ASH Clinical Practice Guidelines on VTE 1. Prevention of VTE in Surgical Hospitalized Patients 2. Prophylaxis in Hospitalized and Non -Hospitalized Medical Patients 3. Treatment of Acute VTE (DVT and PE) 4. Optimal Management of Anticoagulation Therapy 5. Prevention and Treatment of VTE in Patients with Cancer 6. Heparin-Induced. To develop guideline recommendations for the use of anticoagulation in the prevention and treatment of venous thromboembolism (VTE) in patients with cancer. Methods A comprehensive systematic review of the medical literature on the prevention and treatment of VTE in cancer patients was conducted and reviewed by a panel of content and methodolog In 2008, ACCP guidelines clearly recommended against the use of aspirin alone as VTE prophylaxis for any patient group, and therefore for any orthopaedic patient. 19 However, the 2012 ACCP guidelines do recommend the use of aspirin as VTE prophylaxis for patients undergoing THR, TKR or hip fracture surgery because it appeared that the use of. Venous Thromboembolism Prophylaxis in the Treatment of Foot and Ankle Disorders Stephan J. LaPointe, DPM, PhD Karen Moon, DPM INTRODUCTION Venous thromboembolism (VTE) consisting of both deep venous thrombosis (DVT) and pulmonary embolism (PE) rates are 1 to 2 per 1,000 person-years and increases with age to 1% per year (1)

American Society of Hematology 2019 guidelines for

Qaseem A, Chou R, Humphrey LL, Starkey M, Shekelle P. Venous thromboembolism prophylaxis in hospitalised patients: a clinical practice guideline from the American College of Physicians. Ann Intern Me Guidelines & Topic Collections. Everything we publish is designed to keep you up‑to‑date on the latest news, approaches, and ideas in chest medicine. From the most relevant research findings to the most significant clinical guidelines, these are the highly accredited resources you count on from CHEST Venous Thromboembolism Prophylaxis and Screening • For nonhospitalized patients with COVID-19, anticoagulants and antiplatelet therapy should not be initiated for the prevention of venous thromboembolism (VTE) or arterial thrombosis unless the patient has other indications for the therapy or is participating in a clinical trial (AIII)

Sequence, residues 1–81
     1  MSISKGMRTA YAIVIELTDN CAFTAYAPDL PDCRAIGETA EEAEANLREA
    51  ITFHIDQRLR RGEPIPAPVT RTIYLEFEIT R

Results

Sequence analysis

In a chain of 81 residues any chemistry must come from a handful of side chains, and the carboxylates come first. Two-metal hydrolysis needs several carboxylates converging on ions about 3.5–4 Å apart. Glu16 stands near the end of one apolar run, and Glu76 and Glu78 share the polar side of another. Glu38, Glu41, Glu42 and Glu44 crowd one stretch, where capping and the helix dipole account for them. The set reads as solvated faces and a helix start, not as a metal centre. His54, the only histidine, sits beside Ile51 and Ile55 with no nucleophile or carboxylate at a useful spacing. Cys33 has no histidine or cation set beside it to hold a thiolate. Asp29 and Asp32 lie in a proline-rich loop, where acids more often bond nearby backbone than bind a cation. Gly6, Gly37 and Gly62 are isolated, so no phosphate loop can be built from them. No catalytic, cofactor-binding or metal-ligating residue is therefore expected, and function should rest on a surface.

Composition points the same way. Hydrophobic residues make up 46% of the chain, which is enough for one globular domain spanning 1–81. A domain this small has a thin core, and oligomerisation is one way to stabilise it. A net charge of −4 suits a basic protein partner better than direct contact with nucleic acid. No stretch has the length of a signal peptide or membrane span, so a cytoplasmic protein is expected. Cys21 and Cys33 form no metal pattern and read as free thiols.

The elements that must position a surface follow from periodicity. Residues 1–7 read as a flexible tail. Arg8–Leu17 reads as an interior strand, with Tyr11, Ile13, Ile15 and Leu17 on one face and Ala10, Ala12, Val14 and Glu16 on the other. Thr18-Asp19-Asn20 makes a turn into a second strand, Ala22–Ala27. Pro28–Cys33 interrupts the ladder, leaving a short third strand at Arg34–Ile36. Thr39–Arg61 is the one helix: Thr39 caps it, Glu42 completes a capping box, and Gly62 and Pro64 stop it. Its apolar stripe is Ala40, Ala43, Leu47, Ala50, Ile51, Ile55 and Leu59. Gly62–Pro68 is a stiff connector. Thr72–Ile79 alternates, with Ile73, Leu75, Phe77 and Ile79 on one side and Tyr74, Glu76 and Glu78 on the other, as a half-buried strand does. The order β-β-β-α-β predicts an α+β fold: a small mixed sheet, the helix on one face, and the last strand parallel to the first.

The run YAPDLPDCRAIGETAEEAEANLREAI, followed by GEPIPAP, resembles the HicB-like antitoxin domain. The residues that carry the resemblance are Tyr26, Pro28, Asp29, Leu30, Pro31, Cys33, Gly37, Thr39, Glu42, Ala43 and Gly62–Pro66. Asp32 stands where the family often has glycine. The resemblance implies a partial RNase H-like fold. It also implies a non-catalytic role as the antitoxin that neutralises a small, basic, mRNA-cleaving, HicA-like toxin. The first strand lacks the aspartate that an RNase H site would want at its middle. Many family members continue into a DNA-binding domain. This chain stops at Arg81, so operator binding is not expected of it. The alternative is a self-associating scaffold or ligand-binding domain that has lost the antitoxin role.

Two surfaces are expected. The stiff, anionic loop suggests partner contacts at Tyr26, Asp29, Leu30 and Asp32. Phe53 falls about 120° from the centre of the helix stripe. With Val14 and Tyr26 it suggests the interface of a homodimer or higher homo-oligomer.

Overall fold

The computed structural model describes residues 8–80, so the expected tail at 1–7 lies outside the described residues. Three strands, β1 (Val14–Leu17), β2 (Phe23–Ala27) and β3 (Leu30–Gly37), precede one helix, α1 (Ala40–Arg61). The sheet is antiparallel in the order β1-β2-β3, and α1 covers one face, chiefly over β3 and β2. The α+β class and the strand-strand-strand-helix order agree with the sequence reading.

ASCO Venous Thromboembolism Prophylaxis and

In the American College of Chest Physicians (ACCP) guidelines on VTE prophylaxis in patients undergoing nonorthopedic surgery, the standard duration or limited duration of prophylaxis was not defined.4 However, extended duration pharmacologic prophylaxis was defined as fou Monagle P, et al. American Society of Hematology 2018 Guidelines for management of venous thromboembolism: treat-ment of pediatric venous thromboembolism. Blood Adv 2018; 2 (22): 3292-3316. Monagle P, Chan A, Goldenberg NA, et al. Antithrombotic Therapy in Neonates and Children: American College of Chest Physicians Evidence-Based Clinical. Venous Thromboembolism Prophylaxis, Pediatric Trauma Patients - Joint between EAST and PTS 2017; Venous Thromboembolism, Adult Trauma Patients 2002; Venous Thromboembolism: Low Dose Heparin for DVT/PE Prophylaxis 2002; Venous Thromboembolism: Pneumatic Compression Devices in the Prevention of DVT/PE 200

Time for an Update? A Look at Current Guidelines for

Anti-Xa level and VTE incidence Despite the evidence that weight-based enoxaparin dosing improves the likelihood that patients will achieve a target anti-Xa level, it is unclear what anti-Xa level correlates with decreased VTE risk. This is explicitly acknowledged by the College of American Chest Physicians in their VTE prophylaxis guidelines (3) Background: Evidence-based guidelines recommend that acutely ill hospitalized medical patients who are at risk of venous thromboembolism (VTE) should receive prophylaxis. Our aim was to characterize the clinical practices for VTE prophylaxis in acutely ill hospitalized medical patient Wang T, Chen R, Liu C, Liang W, Guan W, Tang R, et al. Attention should be paid to venous thromboembolism prophylaxis in the management of COVID-19. Lancet Haematol 2020; 7(5): e362-3 Venous thromboembolism is a well-established complication of total hip and knee arthroplasty and hip fracture surgery. Clinical practice guidelines have been proposed to help clinicians provide prophylaxis against this risk. However, most guidelines reference data that are becoming outdated because of new advances in perioperative protocols. Recent data would suggest that aspirin may be.